REPORT OF INDEPENDENT ACCOUNTANTS

Milwaukee, Wisconsin
November 29, 1984

To the Directors and Shareholders of Harnischfeger Corporation:

In our opinion, the ¬nancial statements, which appear on pages 18 to 34 of this report,
present fairly the consolidated ¬nancial position of Harnischfeger Corporation and its
subsidiaries at October 31, 1984 and 1983, and the results of their operations and the
changes in their ¬nancial position for each of the three years in the period ended October
31, 1984, in conformity with generally accepted accounting principles consistently
applied during the period except for the change, with which we concur, in the method of
accounting for depreciation expense as described in Note 2 on page 23 of this report.
Our examinations of these statements were made in accordance with generally accepted
auditing standards and accordingly included such tests of the accounting records and
such other auditing procedures as we considered necessary in the circumstances.

Price Waterhouse
4
4 As s e t An a ly s is
chapter




A ssets are resources owned by a ¬rm that are likely to produce future
economic bene¬ts and that are measurable with a reasonable degree of certainty. Assets
can take a variety of forms, including cash, marketable securities, receivables from
customers, inventory, ¬xed assets, long-term investments in other companies, and
Business Analysis and 2
Valuation Tools
intangibles.
The key principles used to identify and value assets are historical cost and conserva-
tism. Under the historical cost principle, assets are valued at their original cost; conser-
vatism requires asset values to be revised downward if fair values are less than cost.
Analysis of assets involves asking whether an outlay should be recorded as an asset
in the ¬rm™s ¬nancial statements, or whether it should be reported as a current expense.
This requires analysts to understand who has the rights of ownership to the resource,
whether it is expected to generate future bene¬ts, and whether those bene¬ts are mea-
surable with reasonable certainty. Finally, asset analysis involves evaluating the value of
the assets reported in the ¬nancial statements, requiring an evaluation of amortization,
allowances, and write-downs.
In this chapter we discuss the key principles underlying the recording of assets. We
also show the challenges in asset reporting and opportunities for analysis.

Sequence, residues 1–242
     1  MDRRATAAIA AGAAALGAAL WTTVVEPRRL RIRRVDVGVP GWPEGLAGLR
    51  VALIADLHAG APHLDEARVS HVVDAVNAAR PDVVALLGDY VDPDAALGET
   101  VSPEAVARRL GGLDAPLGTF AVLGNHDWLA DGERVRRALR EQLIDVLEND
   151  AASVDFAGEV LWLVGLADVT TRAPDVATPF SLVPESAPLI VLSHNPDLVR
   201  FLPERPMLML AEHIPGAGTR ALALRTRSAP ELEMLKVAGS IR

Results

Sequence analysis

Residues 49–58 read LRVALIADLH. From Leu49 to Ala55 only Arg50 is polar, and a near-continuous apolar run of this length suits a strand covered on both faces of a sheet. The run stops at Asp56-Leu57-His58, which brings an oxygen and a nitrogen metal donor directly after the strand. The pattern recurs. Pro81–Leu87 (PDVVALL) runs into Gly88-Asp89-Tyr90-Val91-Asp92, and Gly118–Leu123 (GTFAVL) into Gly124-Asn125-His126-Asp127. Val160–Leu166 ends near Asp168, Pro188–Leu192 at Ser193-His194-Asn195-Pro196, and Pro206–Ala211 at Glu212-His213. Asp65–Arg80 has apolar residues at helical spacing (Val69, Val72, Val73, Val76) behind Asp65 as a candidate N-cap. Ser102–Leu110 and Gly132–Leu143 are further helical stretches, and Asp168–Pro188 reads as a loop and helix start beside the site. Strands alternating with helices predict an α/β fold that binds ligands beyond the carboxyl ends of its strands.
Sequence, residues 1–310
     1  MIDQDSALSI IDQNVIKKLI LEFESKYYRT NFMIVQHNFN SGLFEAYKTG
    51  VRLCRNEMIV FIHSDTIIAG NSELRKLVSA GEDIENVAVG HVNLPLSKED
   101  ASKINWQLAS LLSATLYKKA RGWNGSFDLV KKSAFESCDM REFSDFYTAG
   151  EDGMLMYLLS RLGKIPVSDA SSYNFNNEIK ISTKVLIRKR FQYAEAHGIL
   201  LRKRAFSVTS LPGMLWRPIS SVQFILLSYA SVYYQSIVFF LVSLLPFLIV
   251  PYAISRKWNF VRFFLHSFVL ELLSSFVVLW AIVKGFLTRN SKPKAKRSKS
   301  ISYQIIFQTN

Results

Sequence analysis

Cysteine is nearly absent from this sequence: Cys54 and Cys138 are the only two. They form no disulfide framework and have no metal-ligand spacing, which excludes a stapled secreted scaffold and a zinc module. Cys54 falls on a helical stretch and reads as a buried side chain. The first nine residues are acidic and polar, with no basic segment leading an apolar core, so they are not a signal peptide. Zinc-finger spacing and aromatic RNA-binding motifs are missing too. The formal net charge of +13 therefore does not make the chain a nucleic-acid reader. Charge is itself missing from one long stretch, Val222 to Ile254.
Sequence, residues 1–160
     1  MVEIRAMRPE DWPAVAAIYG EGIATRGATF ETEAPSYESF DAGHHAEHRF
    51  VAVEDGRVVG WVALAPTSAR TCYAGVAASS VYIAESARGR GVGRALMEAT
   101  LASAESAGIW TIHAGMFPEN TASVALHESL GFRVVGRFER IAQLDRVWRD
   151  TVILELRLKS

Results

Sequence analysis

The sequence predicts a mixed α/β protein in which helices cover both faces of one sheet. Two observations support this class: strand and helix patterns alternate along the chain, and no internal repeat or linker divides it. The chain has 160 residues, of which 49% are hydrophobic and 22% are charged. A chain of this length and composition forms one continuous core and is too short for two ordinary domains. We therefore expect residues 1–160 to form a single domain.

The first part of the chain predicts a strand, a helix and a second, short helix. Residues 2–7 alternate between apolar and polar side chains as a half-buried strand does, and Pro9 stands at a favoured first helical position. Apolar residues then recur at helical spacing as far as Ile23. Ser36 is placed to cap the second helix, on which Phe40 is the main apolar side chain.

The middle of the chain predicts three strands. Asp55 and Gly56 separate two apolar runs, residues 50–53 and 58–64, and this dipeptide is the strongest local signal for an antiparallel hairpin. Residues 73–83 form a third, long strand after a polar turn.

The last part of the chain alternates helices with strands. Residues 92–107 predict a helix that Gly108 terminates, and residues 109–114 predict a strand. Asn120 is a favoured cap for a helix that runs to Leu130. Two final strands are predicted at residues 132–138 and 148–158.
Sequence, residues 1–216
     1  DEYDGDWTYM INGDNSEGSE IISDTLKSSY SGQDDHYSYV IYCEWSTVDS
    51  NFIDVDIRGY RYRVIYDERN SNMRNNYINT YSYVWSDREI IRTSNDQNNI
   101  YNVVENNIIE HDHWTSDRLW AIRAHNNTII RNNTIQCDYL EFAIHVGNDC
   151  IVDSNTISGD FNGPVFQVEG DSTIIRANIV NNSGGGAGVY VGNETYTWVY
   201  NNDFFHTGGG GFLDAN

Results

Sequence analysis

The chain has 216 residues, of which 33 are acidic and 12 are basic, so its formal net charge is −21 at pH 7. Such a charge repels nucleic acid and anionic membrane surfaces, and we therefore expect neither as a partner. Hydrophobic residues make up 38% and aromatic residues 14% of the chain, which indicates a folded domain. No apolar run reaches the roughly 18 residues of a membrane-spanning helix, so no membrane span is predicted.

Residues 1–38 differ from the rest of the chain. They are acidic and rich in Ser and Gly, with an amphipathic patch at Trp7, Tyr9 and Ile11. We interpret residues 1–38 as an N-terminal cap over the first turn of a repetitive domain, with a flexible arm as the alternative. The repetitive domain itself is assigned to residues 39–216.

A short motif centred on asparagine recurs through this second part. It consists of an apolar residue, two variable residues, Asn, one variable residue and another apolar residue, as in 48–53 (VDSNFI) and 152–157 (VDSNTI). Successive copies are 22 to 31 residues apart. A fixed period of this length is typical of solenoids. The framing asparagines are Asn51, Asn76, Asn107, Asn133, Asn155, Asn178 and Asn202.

HISTORICAL COST AND CONSERVATISM
Assets are used to generate future pro¬ts for owners. Investors are interested in learning
whether the resources they have invested in the ¬rm have been spent wisely. The balance
sheet provides a useful starting point for this type of analysis because it provides infor-
mation on the value of the resources that management acquires or develops. In most
countries the assets reported in the balance sheet are valued at historical exchange prices.
Historical exchange prices rather than fair values, replacement values, or values in use,
are used to record assets because they can typically be more easily veri¬ed. From the
perspective of investors, this is important because managers have an incentive to present
a favorable view of their stewardship of the ¬rm™s resources. By requiring that transac-
tions be recorded at historical exchange prices, accounting places a constraint on man-
agers™ ability to overstate the value of the assets that they have acquired or developed.
Of course, historical cost also limits the information that is available to investors about
the potential of the ¬rm™s assets, since exchange prices are usually different from fair
values or values in use.


4-1




127
128 Asset Analysis




4-2
Asset Analysis




The conservatism principle establishes one exception to the use of historical cost val-
ues. It requires management to write down to their fair value assets that have been im-
paired. The lower of cost or market rule for valuing inventory, the estimation of expected
receivable losses from uncollectible accounts, and write-downs of operating assets that
are not expected to recover their cost are all applications of this concept. Conservatism
therefore provides additional assurance for investors that management™s estimate of the
value of the ¬rm™s resources is not overstated. As a result, asset values reported on the
balance sheet can be considered a lower bound on the value of future bene¬ts resulting
from management™s current business strategy.
Adherence to the principles of historical cost and conservatism has been challenged
recently. In the U.S., some ¬nancial instruments are required to be valued at fair values